Poems by Pablo Neruda
Poems by Pablo Neruda
I’m going to wrinkle this word,
I’m going to twist it,
it is much too flat
it is as if a great dog or great river
had passed its tongue or water over it
during many years.
I want that in the word
the roughness is seen
the iron salt
The de-fanged strength
of the land,
of those who have spoken and those who have not spoken.
I want to see the thirst
Inside the syllables
I want to touch the fire
in the sound:
I want to feel the darkness
of the cry. I want
words as rough
as virgin rocks.
Translated by T.M. Lauth
An odor has remained among the sugarcane:
a mixture of blood and body, a penetrating
petal that brings nausea.
Between the coconut palms the graves are full
of ruined bones, of speechless death-rattles.
The delicate dictator is talking
with top hats, gold braid, and collars.
The tiny palace gleams like a watch
and the rapid laughs with gloves on
cross the corridors at times
and join the dead voices
and the blue mouths freshly buried.
The weeping cannot be seen, like a plant
whose seeds fall endlessly on the earth,
whose large blind leaves grow even without light.
Hatred has grown scale on scale,
blow on blow, in the ghastly water of the swamp,
with a snout full of ooze and silence.
Ode to a lemon
Out of lemon flowers
on the moonlight, love's
lashed and insatiable
sodden with fragrance,
the lemon tree's yellow
from the tree's planetarium
The harbors are big with it-
for the light and the
of a miracle,
and a clotting of acids
into the starry
so the freshness lives on
in a lemon,
in the sweet-smelling house of the rind,
the proportions, arcane and acerb.
Cutting the lemon
leaves a little cathedral:
alcoves unguessed by the eye
that open acidulous glass
to the light; topazes
riding the droplets,
So, while the hand
holds the cut of the lemon,
half a world
on a trencher,
the gold of the universe
to your touch:
a cup yellow
a breast and a nipple
perfuming the earth;
a flashing made fruitage,
the diminutive fire of a planet.
The people paraded their red flags...
The people paraded their red flags
and I was among them on the stone
they struck, in the thunderous march
and in the struggle's lofty songs,
I saw how they conquered step by step,
Their resistance alone was road,
and isolated they were like broken bits
of a star, mouthless and lusterless.
Joined in the unity made silence,
they were fire, indestructible song,
the slow passage of mankind on earth
turned into depths and battles.
They were dignity that fought
whatever was trampled, and they awakened
like a system, the order of lives
that touched the door and sat down
in the main hall with their flags.
Being born in the woods
When the rice withdraws from the earth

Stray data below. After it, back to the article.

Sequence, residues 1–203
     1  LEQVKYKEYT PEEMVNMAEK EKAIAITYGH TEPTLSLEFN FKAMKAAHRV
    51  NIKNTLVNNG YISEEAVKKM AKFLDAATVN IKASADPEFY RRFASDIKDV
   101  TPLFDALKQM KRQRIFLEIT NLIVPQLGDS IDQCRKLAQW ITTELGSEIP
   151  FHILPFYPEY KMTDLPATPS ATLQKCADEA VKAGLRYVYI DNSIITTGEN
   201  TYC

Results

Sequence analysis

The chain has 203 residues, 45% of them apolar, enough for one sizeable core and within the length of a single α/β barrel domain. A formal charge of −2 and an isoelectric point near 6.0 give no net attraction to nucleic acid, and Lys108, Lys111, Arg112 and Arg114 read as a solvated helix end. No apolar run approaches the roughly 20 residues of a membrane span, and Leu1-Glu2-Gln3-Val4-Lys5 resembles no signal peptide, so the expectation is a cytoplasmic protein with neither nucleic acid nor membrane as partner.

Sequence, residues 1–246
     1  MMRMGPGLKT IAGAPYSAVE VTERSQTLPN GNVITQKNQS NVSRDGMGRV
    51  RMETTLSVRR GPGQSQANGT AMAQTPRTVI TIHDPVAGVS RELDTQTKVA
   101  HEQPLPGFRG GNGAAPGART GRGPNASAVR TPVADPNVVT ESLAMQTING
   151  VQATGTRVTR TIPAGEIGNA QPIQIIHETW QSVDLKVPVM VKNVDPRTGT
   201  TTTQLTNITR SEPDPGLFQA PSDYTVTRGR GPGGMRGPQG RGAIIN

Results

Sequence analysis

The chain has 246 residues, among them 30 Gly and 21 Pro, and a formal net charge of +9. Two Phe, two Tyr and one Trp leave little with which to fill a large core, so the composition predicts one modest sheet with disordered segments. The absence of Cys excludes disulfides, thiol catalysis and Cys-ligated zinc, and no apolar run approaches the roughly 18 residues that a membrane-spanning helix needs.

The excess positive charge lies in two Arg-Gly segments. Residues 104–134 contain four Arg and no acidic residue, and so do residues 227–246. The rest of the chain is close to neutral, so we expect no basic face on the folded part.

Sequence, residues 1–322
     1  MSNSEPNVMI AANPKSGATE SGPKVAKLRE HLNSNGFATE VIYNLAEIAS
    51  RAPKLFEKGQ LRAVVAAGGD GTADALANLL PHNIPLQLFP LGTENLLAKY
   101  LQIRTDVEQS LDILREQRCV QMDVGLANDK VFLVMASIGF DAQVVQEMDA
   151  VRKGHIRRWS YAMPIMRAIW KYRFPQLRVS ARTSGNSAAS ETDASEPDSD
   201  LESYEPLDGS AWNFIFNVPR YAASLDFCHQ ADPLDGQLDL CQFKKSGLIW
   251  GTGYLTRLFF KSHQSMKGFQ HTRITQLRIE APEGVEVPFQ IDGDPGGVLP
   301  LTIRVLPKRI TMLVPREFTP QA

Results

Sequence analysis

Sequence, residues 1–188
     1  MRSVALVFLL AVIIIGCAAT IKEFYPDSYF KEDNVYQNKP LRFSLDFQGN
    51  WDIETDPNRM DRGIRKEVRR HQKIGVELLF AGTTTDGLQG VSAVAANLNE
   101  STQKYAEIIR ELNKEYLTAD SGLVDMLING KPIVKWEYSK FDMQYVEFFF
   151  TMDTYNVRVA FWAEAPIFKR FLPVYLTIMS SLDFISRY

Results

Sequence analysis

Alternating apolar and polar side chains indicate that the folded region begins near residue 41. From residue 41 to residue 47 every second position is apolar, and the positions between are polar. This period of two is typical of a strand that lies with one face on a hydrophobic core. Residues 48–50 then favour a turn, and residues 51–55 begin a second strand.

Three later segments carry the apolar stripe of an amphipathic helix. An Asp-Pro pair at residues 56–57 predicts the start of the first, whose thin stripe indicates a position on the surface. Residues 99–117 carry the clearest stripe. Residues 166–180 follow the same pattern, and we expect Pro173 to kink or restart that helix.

the grains of its flour,
when the wheat hardens its little hip-joints
and lifts its face of a thousand hands,
I make my way to the grove where the woman and the man embrace,
to touch the innumerable sea
of what continues.
I am not a brother of the implement carried on the tide
as in a cradle of embattled mother-of-pearl:
I do not tremble in the territory of the dying garbage,
I do not wake at the shock of the dark
that is frightened by the hoarse leaf-stalks of the sudden bell,
I cannot be, I am not the traveller
under whose shoes the last remnants of the wind throb
and the waves come back rigid out of time to die.
I carry in my hand the dove that sleeps recumbent in the seed
and in its dense ferment of lime and blood
raised out of its deep goblet the month lives:
with my hand I encircle the new shadow of the wing that is growing:
the root and the feather that will form the thicket of tomorrow.
The immense growth of the drop, and the eyelid yearning to be open
never diminish, neither beside the balcony of iron hands
nor in the maritime winter of the abandoned, nor in my late footstep:
for I was born in order to be born, to contain the steps
of all that approaches, of all that beats on my breast like a new trembling heart.
Lives resting beside my clothes like parallel doves
or contained in my own existence and in my lawless sound
in order to return to being, to lay hold on the air denuded of its leaf
and on the moist birth of the soil in the wreath: how long
can I return and be, how long can the odour
of the most deeply buried flowers, of the waves most finely
pulverized on the high rocks, preserve in me their homeland
where they can return to be fury and perfume?
That time when I moved among happenings
in the midst of my mournful devotions; that time
when I cherished a leaflet of quartz,
and stared at a lifetime's vocation.
I ranged in the markets of avarice
where goodness is bought for a price, breathed
the insensate miasmas of envy, the inhuman
contention of masks and existences.
I endured in the bog-dweller's element; the lily
that breaks on the water in a sudden
disturbance of bubbles and blossoms, devoured me.
Whatever the foot sought, the spirit deflected,
or sheered toward the fang of the pit.
So my poems took beina, in travail
retrieved from the thorn, like a penance,
wrenched by a seizure of hands, out of solitude;
or they parted for burial
their secretest flower in immodesty's garden.
Estranged to myself, like shadow on water
that moves through a corridor's fathoms,
I sped through the exile of each man's existence,
this way and that, and so, to habitual loathing;
for I saw that their being was this: to stifle
one half of existence's fullness like fish
in an alien limit of ocean. And there,
in immensity's mire, I encountered their death;
Death grazing the barriers,
Death opening roadways and doorways.
Translated by Ben Belitt
October 17th, 2012